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. 2017 Jan 10;10:240.
doi: 10.3389/fnbeh.2016.00240. eCollection 2016.

Dietary Prebiotics and Bioactive Milk Fractions Improve NREM Sleep, Enhance REM Sleep Rebound and Attenuate the Stress-Induced Decrease in Diurnal Temperature and Gut Microbial Alpha Diversity

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Dietary Prebiotics and Bioactive Milk Fractions Improve NREM Sleep, Enhance REM Sleep Rebound and Attenuate the Stress-Induced Decrease in Diurnal Temperature and Gut Microbial Alpha Diversity

Robert S Thompson et al. Front Behav Neurosci. .
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Abstract

Severe, repeated or chronic stress produces negative health outcomes including disruptions of the sleep/wake cycle and gut microbial dysbiosis. Diets rich in prebiotics and glycoproteins impact the gut microbiota and may increase gut microbial species that reduce the impact of stress. This experiment tested the hypothesis that consumption of dietary prebiotics, lactoferrin (Lf) and milk fat globule membrane (MFGM) will reduce the negative physiological impacts of stress. Male F344 rats, postnatal day (PND) 24, received a diet with prebiotics, Lf and MFGM (test) or a calorically matched control diet. Fecal samples were collected on PND 35/70/91 for 16S rRNA sequencing to examine microbial composition and, in a subset of rats; Lactobacillus rhamnosus was measured using selective culture. On PND 59, biotelemetry devices were implanted to record sleep/wake electroencephalographic (EEG). Rats were exposed to an acute stressor (100, 1.5 mA, tail shocks) on PND 87 and recordings continued until PND 94. Test diet, compared to control diet, increased fecal Lactobacillus rhamnosus colony forming units (CFU), facilitated non-rapid eye movement (NREM) sleep consolidation (PND 71/72) and enhanced rapid eye movement (REM) sleep rebound after stressor exposure (PND 87). Rats fed control diet had stress-induced reductions in alpha diversity and diurnal amplitude of temperature, which were attenuated by the test diet (PND 91). Stepwise multiple regression analysis revealed a significant linear relationship between early-life Deferribacteres (PND 35) and longer NREM sleep episodes (PND 71/72). A diet containing prebiotics, Lf and MFGM enhanced sleep quality, which was related to changes in gut bacteria and modulated the impact of stress on sleep, diurnal rhythms and the gut microbiota.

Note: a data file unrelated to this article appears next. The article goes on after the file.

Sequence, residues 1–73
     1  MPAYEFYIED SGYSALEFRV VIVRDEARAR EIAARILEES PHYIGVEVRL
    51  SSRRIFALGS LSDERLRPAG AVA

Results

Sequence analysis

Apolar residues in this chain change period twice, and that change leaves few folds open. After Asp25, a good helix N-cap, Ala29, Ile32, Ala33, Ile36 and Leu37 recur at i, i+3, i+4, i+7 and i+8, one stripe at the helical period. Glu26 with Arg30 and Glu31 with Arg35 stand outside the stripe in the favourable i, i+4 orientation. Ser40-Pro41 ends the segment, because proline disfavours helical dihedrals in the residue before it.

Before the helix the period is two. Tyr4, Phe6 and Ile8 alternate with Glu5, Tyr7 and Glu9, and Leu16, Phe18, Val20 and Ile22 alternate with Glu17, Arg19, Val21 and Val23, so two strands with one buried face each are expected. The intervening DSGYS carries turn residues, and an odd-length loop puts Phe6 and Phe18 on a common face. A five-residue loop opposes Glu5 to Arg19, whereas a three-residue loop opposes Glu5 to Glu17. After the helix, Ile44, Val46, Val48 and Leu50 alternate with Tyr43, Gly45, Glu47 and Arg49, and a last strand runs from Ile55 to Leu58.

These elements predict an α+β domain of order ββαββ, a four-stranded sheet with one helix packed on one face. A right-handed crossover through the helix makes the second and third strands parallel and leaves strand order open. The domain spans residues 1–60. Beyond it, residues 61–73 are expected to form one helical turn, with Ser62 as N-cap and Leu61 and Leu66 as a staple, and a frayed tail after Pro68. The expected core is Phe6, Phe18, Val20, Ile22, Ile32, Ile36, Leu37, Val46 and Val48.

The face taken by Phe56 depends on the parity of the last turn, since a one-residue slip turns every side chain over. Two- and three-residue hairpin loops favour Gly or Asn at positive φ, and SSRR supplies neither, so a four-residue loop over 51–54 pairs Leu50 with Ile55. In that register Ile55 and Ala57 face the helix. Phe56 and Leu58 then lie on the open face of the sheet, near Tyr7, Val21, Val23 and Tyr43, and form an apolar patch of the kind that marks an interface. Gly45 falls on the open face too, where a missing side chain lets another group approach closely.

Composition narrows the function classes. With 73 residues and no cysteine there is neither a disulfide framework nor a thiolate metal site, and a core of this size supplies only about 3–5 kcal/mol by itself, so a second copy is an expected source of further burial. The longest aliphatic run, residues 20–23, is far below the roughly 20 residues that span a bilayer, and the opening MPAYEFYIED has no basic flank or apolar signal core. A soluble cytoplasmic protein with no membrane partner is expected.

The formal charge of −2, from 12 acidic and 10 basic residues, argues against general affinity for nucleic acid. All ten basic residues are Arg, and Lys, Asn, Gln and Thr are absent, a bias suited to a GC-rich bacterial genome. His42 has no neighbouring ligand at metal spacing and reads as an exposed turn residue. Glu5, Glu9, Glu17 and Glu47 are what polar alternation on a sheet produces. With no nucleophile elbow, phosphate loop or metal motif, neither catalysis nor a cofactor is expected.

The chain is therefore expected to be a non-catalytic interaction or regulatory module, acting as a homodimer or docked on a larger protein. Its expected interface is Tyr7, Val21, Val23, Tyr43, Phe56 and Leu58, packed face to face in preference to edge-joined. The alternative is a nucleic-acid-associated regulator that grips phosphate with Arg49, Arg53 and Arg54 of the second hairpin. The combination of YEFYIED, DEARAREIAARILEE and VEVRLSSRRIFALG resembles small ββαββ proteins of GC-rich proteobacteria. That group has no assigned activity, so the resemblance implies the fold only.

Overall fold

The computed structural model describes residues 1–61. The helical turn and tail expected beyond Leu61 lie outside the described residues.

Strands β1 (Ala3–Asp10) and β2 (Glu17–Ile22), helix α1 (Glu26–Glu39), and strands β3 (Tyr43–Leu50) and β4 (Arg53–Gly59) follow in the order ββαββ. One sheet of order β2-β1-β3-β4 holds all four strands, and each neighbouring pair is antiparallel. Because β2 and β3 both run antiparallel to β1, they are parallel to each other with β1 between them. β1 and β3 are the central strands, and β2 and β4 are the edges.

Keywords: MFGM; lactoferrin; nutrition; prebiotics; sleep; stress; temperature.

Figures

Figure 1
Figure 1
Timeline. Schematic depicting the experimental timeline. Rats arrived on postnatal day (PND) 24 and were immediately placed on either the control or test diets. Fecal samples for 16S rRNA analysis were collected at PND 35, PND 70 and PND 91. Biotelemetry devices were implanted at PND 59 and 10 days later sleep, body temperature and locomotor activity (LA) measures were continuously recorded until the end of the experiment. On PND 87 rats were exposed to inescapable stress and were placed back in home cages to monitor how the test diet modulated sleep recovery following stress exposure. Finally, body weights, food weights and fecal samples were taken on PND 91 to assess the impact of stress exposure on gross physiology measures and the gut microbiota structure.
Figure 2
Figure 2
Test diet increases Lactobacillus rhamnosus. Data demonstrating, in a subset of rats, that consumption of the test diet significantly increased levels of Lactobacillus rhamnosus in fecal cultures at PND 52, when compared with those eating the control diet (#p < 0.05 vs. control diet).
Figure 3
Figure 3
Stress effects on food/body weight/diurnal CBT. Food consumption, body weight and diurnal amplitude data 4 days after stress exposure. (A) Stress exposure reduced food consumption, but there were no differences in food consumption between the control and test diets. The food consumption depicted was a weekly average based on food consumed from PND 85–91. (B) Similarly, stress exposure resulted in lower body weights but there were no differences in body weight between the control and test diets. (C) Stress flattened the diurnal amplitude of LA of both control and test diet groups, but diet did not alter this effect. (D) Stress also flattened the diurnal amplitude of CBT of both control and test diet groups, however, the test diet group had an attenuated disruption in the diurnal amplitude of CBT when compared with those on the control diet. Abbreviations are as follows: a.u., arbitrary units; CBT, core body temperature; g, grams; LA, locomotor activity; PND, post natal day (*p < 0.05 vs. no stress; #p < 0.05 vs. control diet).
Figure 4
Figure 4